Battling all odds, girl from tribal Rajasthan journeys to Minnesota
Launched in 2010-11 by the Ashok Gehlot government, the scheme sponsors foreign education of three girl toppers of Class 10 from government school every year with the annual cap of ₹10 lakh (now ₹25 lakh). Only two girls have availed the scheme in the past six years, an official of the government’s Balika Shiksha Foundation said.jaipur Updated: Sep 11, 2017 21:11 IST
Six years ago, Sujita Shah, a cashier’s daughter who had studied in a Hindi-medium school in Rajasthan’s Banswara, did not have any inkling that the coming years would take her to Minnesota in the US and later, land her an opportunity to work at Thomson Reuters, one of the largest news organisations in the world.
It was a usual day for Sujita in mid 2011 and she had just returned from her coaching classes for IIT-JEE when she received a letter from the government. The letter informed her that she had been selected under the state government’s Videshi Adhyan Yojana.
Launched in 2010-11 by the Ashok Gehlot government, the scheme sponsors foreign education of three girl toppers of Class 10 from government school every year with the annual cap of ₹10 lakh (now ₹25 lakh). Only two girls have availed the scheme in the past six years, an official of the government’s Balika Shiksha Foundation said.
Sujita was the first beneficiary of the scheme, while Aafreen Chhipa from Bhilwara, who went to California State University, Fresno this year, was the second. The official said that most parents are reluctant to send their girls abroad.
But for Sujita, parents’ consent was not the issue. She had other concerns. The first was language, she had studied in a Hindi-medium school and the second was clearing SAT – the exam on the basis of which most US colleges admit students.
“I had no clue about how to prepare for SAT and there was no coaching in the city either for the exam. My English vocabulary was poor by SAT standards. I was already caught between school and coaching classes,” Sujita told HT over the phone. She stayed in Jaipur during the two-month summer break in 2012 and attended SAT coaching.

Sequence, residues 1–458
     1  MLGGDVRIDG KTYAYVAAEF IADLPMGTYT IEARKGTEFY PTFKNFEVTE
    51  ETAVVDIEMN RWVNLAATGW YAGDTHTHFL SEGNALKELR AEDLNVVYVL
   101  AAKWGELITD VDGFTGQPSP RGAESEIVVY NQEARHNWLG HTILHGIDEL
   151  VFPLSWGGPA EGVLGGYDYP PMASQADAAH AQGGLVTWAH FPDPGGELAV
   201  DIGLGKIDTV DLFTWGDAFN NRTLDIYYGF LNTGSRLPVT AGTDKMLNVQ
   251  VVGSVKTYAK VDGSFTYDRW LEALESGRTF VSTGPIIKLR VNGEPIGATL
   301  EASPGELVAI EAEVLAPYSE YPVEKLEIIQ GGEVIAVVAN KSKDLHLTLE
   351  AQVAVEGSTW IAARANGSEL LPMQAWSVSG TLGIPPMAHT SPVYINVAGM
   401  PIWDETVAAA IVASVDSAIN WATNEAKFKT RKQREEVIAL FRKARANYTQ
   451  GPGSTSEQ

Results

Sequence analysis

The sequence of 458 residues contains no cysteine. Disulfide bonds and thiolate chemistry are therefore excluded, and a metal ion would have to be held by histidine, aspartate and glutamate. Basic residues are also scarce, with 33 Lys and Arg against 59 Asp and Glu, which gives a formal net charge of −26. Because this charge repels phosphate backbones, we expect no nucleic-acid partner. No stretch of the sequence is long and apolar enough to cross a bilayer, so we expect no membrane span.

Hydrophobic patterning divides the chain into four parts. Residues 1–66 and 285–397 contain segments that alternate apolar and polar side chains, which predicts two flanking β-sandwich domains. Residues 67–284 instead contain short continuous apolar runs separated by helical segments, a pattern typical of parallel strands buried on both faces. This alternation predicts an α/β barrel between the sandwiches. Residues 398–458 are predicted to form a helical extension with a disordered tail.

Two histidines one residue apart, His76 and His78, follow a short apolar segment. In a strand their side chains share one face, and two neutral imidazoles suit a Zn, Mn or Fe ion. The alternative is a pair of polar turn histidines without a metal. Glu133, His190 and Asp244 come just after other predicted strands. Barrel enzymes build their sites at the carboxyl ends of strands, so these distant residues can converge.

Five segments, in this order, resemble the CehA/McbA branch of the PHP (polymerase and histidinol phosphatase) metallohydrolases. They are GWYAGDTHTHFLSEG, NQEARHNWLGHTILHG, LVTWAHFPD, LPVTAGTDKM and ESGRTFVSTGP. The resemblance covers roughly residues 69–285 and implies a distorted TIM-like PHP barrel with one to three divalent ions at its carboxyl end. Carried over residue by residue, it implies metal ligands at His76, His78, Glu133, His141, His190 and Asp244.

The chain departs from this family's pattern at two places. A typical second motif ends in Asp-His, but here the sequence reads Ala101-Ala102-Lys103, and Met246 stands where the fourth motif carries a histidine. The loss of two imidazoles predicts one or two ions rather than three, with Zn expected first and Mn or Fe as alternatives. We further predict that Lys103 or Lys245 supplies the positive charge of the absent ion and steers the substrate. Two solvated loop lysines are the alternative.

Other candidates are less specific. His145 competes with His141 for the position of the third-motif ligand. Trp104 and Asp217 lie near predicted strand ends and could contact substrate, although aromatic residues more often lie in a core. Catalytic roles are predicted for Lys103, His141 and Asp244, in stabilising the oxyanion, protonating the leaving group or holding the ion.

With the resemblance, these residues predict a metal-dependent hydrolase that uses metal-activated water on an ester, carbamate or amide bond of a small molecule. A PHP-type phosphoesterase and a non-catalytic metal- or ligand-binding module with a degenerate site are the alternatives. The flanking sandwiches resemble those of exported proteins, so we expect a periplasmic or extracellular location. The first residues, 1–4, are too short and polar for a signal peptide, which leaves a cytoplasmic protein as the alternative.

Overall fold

Sujita’s grandfather, the central pillar for her ambitions, made rounds of government offices for months to get Sujita’s documents cleared, and later getting the government yearly expenditure cap for the student upped from ₹10 lakh to ₹15 lakh.
Her grandfather passed away a month ago. “His dream of visiting Sujita in US remained unfulfilled. But seeing Sujita scale heights, his joy knew no bounds,” said Sangita Shah, Sujita’s mother. The first stipend that Sujita later earned while working as a research assistant, she sent it to her grandfather.
In summer of 2013, Sujita started studying computer science at South East Missouri State University in Missouri. “The culture was so different there, and the people reserved. I didn’t like the food. I am a vegetarian, so I cooked mostly,” said Sujita.
“The first time my pressure cooker gave out a whistle my Chinese roommate panicked. Students from neighbouring rooms came running in. It took me some time to quell their fears,” she added. “Impressed with how quickly food could be cooked in a pressure cooker, my roommate too got one later.”
Soon Sujita started realizing the limited opportunities at the university. “I felt I should migrate to a better university and applied to the University of Minnesota. Considering my performance in Missouri, they selected me,” Sujita said.
But education at Minnesota was costlier. Her father’s income and the income from the stationery shop her mother ran were not enough to support her education for the next two years. Banks refused to give loans. Her grandfather toiled again and aided by a reference letter from the university in Missouri, the expenditure cap was raised from ₹15 lakh to ₹25 lakh.
After two years at the university in Missouri, Suijta moved to Minnesota where she completed her bachelor’s degree.
This June, Sujita started working with Thomson Reuters in Minnesota as a big data analyst. She is on a six-month training period, she said and will be absorbed after the completion of the training period. She wishes to study further in the US and dreams of a job at the Indian Space Research Organisation.
Sujita’s parents, her brother and her sister have their passports ready and are waiting for the US visa to arrive so they can visit the girl soon.